I’m currently running a campaign with 5 players at level 3, one of which is a Wizard Dragonborn who’s entire character is devoted to becoming a real dragon by the end of the campaign through some kind of magic or holy gift or something.
As part of this, the player has decided that he absolutely MUST have a Pseudodragon and has decided that next session, as the players have finally returned to town after leaving at level 1, he is going to spend a few days resting before setting off alone to explore the forests of the nearby area to find a Pseudodragon.
I explained to him that on foot, sweeping the whole forest systematically (in a frontier part of the world where the majority of the land is forested) will take literally weeks for his character to do, as he has no spells that can assist him except find familiar (which he could use to sweep the air with a hawk).
When I explained that, this would involve him as a player turning up to the session (online) and contributing essentially nothing for extended periods of time over the course of several sessions (my players have decided they will be leaving town soon and our sessions have very little time between them in the world) he decided that he was fine with that.
I really don’t think that he will be and I’d hate to lose one of my players because in two session’s time he decides that he is really bored and doesn’t want to keep playing but on the other hand I really don’t feel like it’s fair for the other players just to give him what he wants immediately because I’m scared to lose a player.
I know he has said that he is fine with it and I’ve explained the downsides to doing what he is planning to do.
As the DM, is there a better way that I can damage control this? I don’t know if I’m making the right choices by not giving the player what they want but I just cannot see a reasonable way that a player could quickly find a rare animal in hundreds of square miles of forest.
I logged into my school-based Microsoft account on my personal laptop. But is it possible that somehow my school is monitoring my Google searches and other browsing history through the school Microsoft account? If my activity is being monitored by my school with the aid of the Microsoft account, does a VPN prevent it from happening?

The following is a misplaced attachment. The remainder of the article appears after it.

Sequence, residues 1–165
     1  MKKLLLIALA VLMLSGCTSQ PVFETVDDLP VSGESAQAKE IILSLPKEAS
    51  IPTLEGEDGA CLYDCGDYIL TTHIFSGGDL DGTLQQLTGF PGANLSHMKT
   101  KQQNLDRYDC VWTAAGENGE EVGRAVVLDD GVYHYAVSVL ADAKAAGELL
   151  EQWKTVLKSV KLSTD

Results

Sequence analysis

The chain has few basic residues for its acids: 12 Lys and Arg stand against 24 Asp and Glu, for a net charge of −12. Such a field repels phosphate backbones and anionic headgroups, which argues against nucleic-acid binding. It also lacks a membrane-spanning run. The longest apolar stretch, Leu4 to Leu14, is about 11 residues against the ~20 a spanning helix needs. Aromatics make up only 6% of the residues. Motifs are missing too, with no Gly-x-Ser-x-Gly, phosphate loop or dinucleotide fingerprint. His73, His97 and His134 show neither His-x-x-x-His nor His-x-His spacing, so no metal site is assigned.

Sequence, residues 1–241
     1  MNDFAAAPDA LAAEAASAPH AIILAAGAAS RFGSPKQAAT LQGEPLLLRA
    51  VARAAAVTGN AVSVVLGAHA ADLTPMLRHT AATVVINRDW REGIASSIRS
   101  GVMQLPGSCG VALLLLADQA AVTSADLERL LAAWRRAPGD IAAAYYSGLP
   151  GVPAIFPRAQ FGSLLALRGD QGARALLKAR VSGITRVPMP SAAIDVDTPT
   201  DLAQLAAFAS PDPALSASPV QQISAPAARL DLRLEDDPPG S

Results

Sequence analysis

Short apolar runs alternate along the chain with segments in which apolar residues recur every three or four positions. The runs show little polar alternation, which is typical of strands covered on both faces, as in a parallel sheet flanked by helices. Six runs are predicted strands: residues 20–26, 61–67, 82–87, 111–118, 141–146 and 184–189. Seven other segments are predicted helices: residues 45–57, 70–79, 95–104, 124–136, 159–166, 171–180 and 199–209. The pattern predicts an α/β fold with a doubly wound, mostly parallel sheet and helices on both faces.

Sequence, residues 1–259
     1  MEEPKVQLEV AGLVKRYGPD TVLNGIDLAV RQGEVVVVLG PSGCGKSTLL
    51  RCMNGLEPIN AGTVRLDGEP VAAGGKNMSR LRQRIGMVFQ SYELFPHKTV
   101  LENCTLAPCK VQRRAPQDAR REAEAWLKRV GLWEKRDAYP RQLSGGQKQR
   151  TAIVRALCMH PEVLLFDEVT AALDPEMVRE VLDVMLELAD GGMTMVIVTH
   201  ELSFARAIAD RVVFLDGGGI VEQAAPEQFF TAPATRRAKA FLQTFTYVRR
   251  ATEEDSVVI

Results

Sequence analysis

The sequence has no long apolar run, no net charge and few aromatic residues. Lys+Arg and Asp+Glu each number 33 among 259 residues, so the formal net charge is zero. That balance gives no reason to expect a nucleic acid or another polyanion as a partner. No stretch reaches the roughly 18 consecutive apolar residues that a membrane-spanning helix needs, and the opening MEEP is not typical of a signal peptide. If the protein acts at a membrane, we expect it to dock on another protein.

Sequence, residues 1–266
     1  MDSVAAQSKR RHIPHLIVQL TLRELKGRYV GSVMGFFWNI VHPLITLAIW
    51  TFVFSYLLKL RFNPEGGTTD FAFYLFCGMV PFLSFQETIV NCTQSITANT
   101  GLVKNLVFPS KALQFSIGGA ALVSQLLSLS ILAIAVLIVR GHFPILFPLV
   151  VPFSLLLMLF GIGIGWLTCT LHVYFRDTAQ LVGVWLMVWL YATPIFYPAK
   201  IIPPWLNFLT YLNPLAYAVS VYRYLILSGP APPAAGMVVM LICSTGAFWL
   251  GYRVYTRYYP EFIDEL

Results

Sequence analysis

My personal IPs on AWS are being scanned for 3379. Apparently, this is SOCORFS, registered to one Hugo Charbonneau. This port is getting scanned a lot more often in recent months: https://isc.sans.edu/port.html?port=3379
Does anyone know what this is? It’s possible someone found a vulnerability in this protocol and we’re not yet publicly aware of it.
UPDATE: I reached out to Hugo, will update if I have information from him.
UPDATE 2: Hugo used to work at Socomar International (over 20 years ago), which was a company who built technology for ship tracking. SOCORFS may be “Soco RFS”. Socomar was dissolved in 2006 though. All content I could find online was that it’s unlikely that this company’s products are widely used today. So, there’s a good chance port 3379 is actually being used for something else, nothing related to SOCORFS.
I have tried to perform a man in the middle attack on my own smartphone in my home network. Whether i use Ettercap, arpspoof with dsniff. none of them work. i am using kali linux as a virtual machine guest in my windows 7 host. note that i have bridged network on, ”’ip_forward=1”’, and network interface eth0 since i have a bridged network. also when I run the chk_poison plugin in ettercap it says “no poisoning at all :(“é Am I doing something wrong? Did I miss something? thanks 🙂